When it comes to coding, don’t be afraid to break your code. If something works, see what would happen if you changed certain parts of your code. If something breaks, you’re learning more about why something works when it does. Take a look at my previous blog post about this topic called “If it ain’t got errors, break it!”.

9. Have fun.

Relative to my last point, as a band kid, I had to be careful not to get caught up in being a perfectionist, and playing music the “correct” way. I reminded myself why I continued playing the saxophone in the first place, which was because I genuinely enjoyed it. I also eventually made sure to experiment and be a little bit silly with my playing sometimes.

When it comes to coding, we shouldn’t be so caught up in improving that we forget why we chose this career path in the first place. Every once in a while, sit down and work on a project just for the heck of it.

10. Be consistent.

Way back in high school, I didn’t even realize when I was improving at playing the saxophone. So how did I get better when that wasn’t really the focus at first?

I was consistent about practicing.

Trust that if you’re being consistent about coding, even just writing one line of code a day, the rest will fall into place. You’ll continue learning, you’ll improve, and people will start to notice.

I hope this was helpful! I try to challenge myself to balance these types of articles with more technical topics, but these kinds of blogs are just so dang fun to write! So I hope you enjoyed it. What’s an activity that’s given you unique insights into your coding habits?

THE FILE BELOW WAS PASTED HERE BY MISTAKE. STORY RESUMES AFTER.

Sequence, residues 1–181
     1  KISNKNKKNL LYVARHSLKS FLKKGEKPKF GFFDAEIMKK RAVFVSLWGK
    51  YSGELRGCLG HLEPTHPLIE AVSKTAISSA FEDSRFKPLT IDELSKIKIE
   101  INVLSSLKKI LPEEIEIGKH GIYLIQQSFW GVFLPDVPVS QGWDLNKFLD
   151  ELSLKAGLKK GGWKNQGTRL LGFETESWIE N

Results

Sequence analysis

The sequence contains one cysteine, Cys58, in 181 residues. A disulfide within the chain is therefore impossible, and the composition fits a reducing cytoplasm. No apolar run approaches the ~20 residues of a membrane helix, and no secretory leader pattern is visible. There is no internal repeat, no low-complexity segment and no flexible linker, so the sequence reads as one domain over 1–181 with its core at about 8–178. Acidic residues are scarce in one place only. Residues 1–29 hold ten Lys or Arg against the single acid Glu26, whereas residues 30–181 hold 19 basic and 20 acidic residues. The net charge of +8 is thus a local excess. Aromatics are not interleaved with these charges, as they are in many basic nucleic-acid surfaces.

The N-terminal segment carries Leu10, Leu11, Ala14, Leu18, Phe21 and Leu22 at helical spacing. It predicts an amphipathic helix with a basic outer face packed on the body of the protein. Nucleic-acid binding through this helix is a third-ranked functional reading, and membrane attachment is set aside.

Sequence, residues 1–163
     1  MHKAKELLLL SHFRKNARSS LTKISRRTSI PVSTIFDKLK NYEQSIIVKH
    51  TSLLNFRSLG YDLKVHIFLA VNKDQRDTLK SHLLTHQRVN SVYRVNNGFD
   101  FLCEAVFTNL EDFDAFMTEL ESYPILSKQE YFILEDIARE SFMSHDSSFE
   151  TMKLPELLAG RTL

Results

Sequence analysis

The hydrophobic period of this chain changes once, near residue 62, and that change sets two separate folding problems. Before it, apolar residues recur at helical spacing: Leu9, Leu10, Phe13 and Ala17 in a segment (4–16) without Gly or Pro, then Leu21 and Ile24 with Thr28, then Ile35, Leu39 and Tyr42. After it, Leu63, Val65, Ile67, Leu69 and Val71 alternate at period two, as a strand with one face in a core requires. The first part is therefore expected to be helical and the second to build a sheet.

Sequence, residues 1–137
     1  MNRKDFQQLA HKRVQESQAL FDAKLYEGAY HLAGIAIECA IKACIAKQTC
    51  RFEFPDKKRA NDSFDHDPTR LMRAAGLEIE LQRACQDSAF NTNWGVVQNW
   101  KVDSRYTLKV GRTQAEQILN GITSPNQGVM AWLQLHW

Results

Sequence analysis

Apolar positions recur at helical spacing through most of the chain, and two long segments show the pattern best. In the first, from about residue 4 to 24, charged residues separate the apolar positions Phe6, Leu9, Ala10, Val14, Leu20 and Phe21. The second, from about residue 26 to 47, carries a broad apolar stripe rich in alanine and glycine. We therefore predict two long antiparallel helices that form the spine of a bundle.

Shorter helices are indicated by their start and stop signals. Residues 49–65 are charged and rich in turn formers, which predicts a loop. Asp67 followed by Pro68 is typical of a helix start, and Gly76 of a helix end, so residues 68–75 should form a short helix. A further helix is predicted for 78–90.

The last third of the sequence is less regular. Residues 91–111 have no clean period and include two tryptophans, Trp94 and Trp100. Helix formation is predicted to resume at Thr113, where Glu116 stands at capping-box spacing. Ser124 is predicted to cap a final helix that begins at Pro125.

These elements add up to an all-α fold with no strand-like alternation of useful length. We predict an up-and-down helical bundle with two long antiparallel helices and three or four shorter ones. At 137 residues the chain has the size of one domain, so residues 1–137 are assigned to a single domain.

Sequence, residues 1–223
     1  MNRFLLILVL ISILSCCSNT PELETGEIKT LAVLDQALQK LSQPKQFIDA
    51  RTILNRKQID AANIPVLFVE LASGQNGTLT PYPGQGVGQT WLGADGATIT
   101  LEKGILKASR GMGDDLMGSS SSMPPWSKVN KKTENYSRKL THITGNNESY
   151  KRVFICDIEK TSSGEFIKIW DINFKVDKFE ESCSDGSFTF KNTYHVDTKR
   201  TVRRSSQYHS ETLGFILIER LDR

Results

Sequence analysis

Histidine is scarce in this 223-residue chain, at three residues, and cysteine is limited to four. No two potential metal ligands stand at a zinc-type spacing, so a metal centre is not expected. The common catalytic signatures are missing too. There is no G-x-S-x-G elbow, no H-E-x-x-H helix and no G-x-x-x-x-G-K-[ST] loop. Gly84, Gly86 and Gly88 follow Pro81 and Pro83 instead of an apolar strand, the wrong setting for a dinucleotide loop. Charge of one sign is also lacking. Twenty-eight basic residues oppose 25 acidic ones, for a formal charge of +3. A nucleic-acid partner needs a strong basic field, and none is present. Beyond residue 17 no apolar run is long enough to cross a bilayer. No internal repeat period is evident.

Discussion (2)

raddevus profile image
raddevus • Edited

This is a great article and makes a lot of very good points. I really liked, "I had to practice what I would do in a scenario like this, basically putting myself into a competition mindset..."

That is definitely true. As a matter of fact cognitive scientists have discovered that the way people practice is what makes them pro or stay amateur. They discovered that amateurs would practice what they can already do, but pros practice the things they cannot do. There's a great book all about this called The Talent Code -- Greatness Isn't Born. It's Grown. Here's How - amazon link.
Thanks for sharing this. Really great.

kirstybrews profile image
Kirsty Brewster Author

Thank you! Adding that book to my reading list!